## Related questions with answers

A device for performing boiling experiments consists of a copper bar $(k=400 \mathrm{W} / \mathrm{m} \cdot \mathrm{K})$, which is exposed to a boiling liquid at one end, encapsulates an electrical heater at the other end, and is well insulated from its surroundings at all but the exposed surface. Thermocouples inserted in the bar are used to measure temperatures at distances of $x_{1}=10 \mathrm{mm}$ and $x_{2}=25 \mathrm{mm}$ from the surface. (a) An experiment is performed to determine the boiling characteristics of a special coating applied to the exposed surface. Under steady-state conditions, nucleate boiling is maintained in saturated water at atmospheric pressure, and values of $T_{1}=133.7^{\circ} \mathrm{C}$ and $T_{2}=158.6^{\circ} \mathrm{C}$ are recorded. If n=1, what value of the coefficient $C_{s, f}$ is associated with the Rohsenow correlation? (b) Assuming applicability of the Rohsenow correlation with the value $C_{s, f}$ determined from part (a), compute and plot the excess temperature $\Delta T_{e}$ as a function of the boiling heat flux for $10^{5} \leq q_{s}^{\prime \prime} \leq 10^{6} \mathrm{W} / \mathrm{m}^{2}$. What are the corresponding values of $T_{1}$ and $T_{2}$ for $q_{s}^{\prime \prime}=10^{6} \mathrm{W} / \mathrm{m}^{2} ?$ If $q_{s}^{\prime \prime}$ were increaset to $1.5 \times 10^{6} \mathrm{W} / \mathrm{m}^{2}$, could the foregoing results be extrapolated to infer the corresponding values of $\Delta T_{e}, T_{1}$, and $T_{2} ?$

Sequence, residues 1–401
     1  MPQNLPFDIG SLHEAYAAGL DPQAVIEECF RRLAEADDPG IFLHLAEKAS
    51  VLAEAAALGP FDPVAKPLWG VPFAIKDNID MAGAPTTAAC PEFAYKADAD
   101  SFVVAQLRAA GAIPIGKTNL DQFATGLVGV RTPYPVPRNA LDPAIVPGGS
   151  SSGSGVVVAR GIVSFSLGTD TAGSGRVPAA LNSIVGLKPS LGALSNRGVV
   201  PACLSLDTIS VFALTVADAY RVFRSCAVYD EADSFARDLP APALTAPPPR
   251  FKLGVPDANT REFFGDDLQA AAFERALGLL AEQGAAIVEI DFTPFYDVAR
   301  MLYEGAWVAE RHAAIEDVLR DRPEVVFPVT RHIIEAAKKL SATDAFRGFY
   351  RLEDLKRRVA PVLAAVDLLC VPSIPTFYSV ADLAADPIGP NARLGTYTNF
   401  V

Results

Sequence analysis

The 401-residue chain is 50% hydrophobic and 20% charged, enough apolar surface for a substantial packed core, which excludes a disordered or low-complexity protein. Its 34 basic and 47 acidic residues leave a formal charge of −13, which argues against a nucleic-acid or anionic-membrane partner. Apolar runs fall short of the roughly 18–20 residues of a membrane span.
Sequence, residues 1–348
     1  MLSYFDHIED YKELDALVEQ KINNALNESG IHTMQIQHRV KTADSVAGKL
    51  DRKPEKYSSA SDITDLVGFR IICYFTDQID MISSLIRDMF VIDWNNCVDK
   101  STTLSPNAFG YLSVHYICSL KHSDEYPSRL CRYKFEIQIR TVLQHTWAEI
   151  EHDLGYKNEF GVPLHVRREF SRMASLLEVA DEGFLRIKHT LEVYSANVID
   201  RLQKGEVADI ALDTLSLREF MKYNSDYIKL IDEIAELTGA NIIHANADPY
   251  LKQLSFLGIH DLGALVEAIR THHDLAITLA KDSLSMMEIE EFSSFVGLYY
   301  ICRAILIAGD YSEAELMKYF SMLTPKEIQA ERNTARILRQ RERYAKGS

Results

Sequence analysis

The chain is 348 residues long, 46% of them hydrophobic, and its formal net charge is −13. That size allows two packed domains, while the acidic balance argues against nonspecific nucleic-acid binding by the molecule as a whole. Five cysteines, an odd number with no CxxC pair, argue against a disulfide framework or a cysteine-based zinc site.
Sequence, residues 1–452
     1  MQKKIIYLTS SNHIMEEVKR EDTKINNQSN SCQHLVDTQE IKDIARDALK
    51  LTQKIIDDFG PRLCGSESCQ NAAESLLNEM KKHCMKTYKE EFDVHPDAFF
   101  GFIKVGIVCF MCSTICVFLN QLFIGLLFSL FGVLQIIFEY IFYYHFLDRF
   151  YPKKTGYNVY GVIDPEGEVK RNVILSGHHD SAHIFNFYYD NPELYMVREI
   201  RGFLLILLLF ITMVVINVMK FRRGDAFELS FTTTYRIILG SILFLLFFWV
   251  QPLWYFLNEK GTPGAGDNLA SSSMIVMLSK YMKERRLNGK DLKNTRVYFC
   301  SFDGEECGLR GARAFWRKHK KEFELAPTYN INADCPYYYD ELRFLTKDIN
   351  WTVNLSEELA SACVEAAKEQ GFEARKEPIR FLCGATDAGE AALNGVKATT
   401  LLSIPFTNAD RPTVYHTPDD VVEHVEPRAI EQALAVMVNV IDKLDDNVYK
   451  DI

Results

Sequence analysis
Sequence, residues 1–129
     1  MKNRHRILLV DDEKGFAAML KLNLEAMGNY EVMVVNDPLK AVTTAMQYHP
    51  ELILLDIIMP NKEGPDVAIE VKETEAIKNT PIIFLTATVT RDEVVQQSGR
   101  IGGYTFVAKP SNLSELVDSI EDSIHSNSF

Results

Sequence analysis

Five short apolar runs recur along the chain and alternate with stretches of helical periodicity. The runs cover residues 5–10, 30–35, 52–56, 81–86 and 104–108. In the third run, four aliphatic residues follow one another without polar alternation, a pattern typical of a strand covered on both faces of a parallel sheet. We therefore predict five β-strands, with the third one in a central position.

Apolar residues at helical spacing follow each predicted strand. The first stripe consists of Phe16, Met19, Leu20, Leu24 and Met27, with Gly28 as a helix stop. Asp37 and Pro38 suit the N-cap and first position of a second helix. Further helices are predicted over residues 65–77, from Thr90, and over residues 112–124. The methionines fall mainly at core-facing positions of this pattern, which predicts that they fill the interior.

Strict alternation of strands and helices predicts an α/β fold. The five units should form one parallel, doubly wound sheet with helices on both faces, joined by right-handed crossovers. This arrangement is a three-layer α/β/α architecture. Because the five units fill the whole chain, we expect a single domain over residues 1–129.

Solution

VerifiedGiven$\Rightarrow$ Thermal conductivity of copper, $k=400\ \frac{\text{W}}{\text{m.K}}$; $x_1=10\ \text{mm}$; $x_2=25\ \text{mm}$; $T_1=133.7^{o} \ \text{C}$; $T_2=158.6^{o} \ \text{C}$; $n=1$

Thermophysical Properties of $\textbf{saturated boiling water}$:

$T_{sat} =323\ \text{K}$; $h_{fg} =2257\ \frac{\text{kJ}}{\text{kg}}$; $\rho_{l}=957.9\ \frac{\text{kg}}{\text{m}^3}$; $\rho_{v}=0.5955\ \frac{\text{kg}}{\text{m}^3}$; $c_{p,l}=4.217\ \frac{\text{kJ}}{\text{kg} \cdot K}$; $\mu_{l}=279 \times 10^{-6} \ \frac{\text{N} \cdot s}{\text{m}^2}$; $Pr=1.76$, $\sigma=0.0589\ \frac{\text{N}}{\text{m}}$

$\textbf{(a)}$ Heat flux between points $1$ and $2$ can be given by Fourier’s law:

$q''=k\dfrac{dT}{dx} \ \ \ \ \ (1)$

Substituting values in above expression:

$\begin{align*} q'' &=400 \left(\dfrac{T_2-T_1}{x_2-x_1}\right)\\ &=400\left(\dfrac{158.6-133.7}{0.025-0.01}\right)\\ &=664\ \frac{\text{kW}}{\text{m}^2} \end{align*}$

Heat flux or heat transfer per unit area can be calculated by using Rohsenow equation:

$q'' = \mu_{l}\cdot h_{fg} \left [\frac{g(\rho_{l} - \rho_{v})}{\sigma}\right]^{\frac{1}{2}} \left( \frac{C_{p,l} \Delta T_{e}}{C_{s,f}h_{fg}Pr_{l}^n} \right)^{3}$

where $\Delta T_e$ denotes excess temperature given by $\Delta T_e=T_{s}-T_{sat}$

For steady state conditions, the temperature distribution in the bar is given as:

$\begin{align*} T_s &=T_1 - \dfrac{dT}{dx} x_1 \ \ \ \ \ \ (2) \\ &=T_1 - \left(\dfrac{T_2 - T_1}{x_2 - x_1} \right)x_1\\ &=133.7 - \left(\dfrac{158.6 - 133.7}{0.025 - 0.01} \right)0.01\\ &=117.1^{o} \ \text{C} \end{align*}$

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